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The reason most western tourist go to Da Lat and almost the only activity they do there, is ‘canyoning’. A term neither of us had heard before but were to learn meant being very wet and slightly scared. Really canyoning is absailing and jumping into a series of waterfalls and pools along a canyon about 15k outside of Da Lat. Now I didn’t think walking slowly down a 25m waterfall, with a torrent of freezing water pouring over you, before the rope ran out and we had to jump into a pool of water would be fun…but it actually was! There was a hairy moment when Ella forgot how to jump and accidentally fell through a bush, but apart from that it was one cold adrenaline filled day. But I don’t think I need to do it again for a while…

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Da Lat we had a fabulous time and most importantly the food was to die for….

R&E 

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A hammock on the river Nam Oo

We stopped at a small village along the road, laid out on both side were piles of identical melons in different shades of orange to green. The only other product on offer were live grubs, still in there hives, which presumably you eat while wriggling in your mouth? your guess is as good as ours. Declining the protein hit we jumped back on the bus and rode our way along dirt roads, passing recently overturned trucks and small hill-tribe villages, towards the small town of Nong Khiaw… This really was rural Laos…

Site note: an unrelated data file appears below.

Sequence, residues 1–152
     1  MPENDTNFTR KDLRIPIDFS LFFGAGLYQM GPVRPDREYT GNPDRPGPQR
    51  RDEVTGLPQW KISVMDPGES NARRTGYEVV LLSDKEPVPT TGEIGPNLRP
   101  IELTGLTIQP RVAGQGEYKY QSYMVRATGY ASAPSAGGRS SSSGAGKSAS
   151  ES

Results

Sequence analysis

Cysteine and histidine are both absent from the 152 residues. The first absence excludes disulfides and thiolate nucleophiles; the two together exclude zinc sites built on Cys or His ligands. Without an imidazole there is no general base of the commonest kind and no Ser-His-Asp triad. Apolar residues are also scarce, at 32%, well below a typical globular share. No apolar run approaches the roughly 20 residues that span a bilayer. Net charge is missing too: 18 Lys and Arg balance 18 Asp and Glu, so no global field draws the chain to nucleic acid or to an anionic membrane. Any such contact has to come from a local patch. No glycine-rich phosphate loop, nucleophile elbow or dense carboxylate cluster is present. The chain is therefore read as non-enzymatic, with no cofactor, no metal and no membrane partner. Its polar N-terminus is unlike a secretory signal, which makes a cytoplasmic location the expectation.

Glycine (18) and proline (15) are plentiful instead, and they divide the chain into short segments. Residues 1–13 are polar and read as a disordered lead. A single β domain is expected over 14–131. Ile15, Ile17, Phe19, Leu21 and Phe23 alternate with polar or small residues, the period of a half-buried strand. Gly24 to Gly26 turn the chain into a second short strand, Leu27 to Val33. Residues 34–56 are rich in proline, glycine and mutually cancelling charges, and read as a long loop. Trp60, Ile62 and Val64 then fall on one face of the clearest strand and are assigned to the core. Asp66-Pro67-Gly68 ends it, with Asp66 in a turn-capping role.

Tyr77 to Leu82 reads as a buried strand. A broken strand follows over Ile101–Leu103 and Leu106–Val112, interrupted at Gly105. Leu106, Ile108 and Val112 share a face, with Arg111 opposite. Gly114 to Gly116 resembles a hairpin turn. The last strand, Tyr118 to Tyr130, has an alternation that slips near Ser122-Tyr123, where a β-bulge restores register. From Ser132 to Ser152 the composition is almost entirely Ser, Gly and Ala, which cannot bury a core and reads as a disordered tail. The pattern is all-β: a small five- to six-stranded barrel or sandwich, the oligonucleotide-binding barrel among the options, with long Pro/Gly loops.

Tasty Tasty Grubs… (They were still moving)

Tasty Tasty Grubs… (They were still moving)

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Opium and Chickens… Northeastern Laos

‘Sabaidee, sabaidee.’

A small wrinkled lady approached us as we ate our rice, smiling. She was an Akha lady, one of the largest ethnic hill tribe groups in northeast Laos, and you could tell by her clothes. She wore the traditional headdress, complete with sliver coins and buttons hanging from her head. ‘2,000 only 2,000’ she said pulling out dozens of handmade cloth bracelets. Politely declining she next produced an array of highly detailed embroidered bags and even when we said no to these this wizened old lady wasn’t giving up on a sale…. “Smoke Smoke” she whispered in our ears, candidly producing a bag of green herbs  – The old lady was trying to sell us drugs! Judging by the look on our face I think she gathered that it wasn’t our thing, but just before she left..”Opium?”.. All we could do was laugh.

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A bamboo nest in the sky…Chiang Rai province

We had wondered why there was a group of damp tourists, huddling under umbrellas, looking hopefully up at the clock tower. It was dark and raining hard, but as the hands moved to 8pm we found our answer. The elaborate golden clock tower was suddenly illuminated with changing coloured lights accommpanied by a cheesy backing soundtrack of traditional Thai music. Imagine a clock tower sponsored by Disney and you have the picture. The group of tourists took their photos and pointed while we went to find some delicious street food nearby. Tasty chicken rice tick. Clock tower illuminations show tick…I think we were going to like Chiang Rai.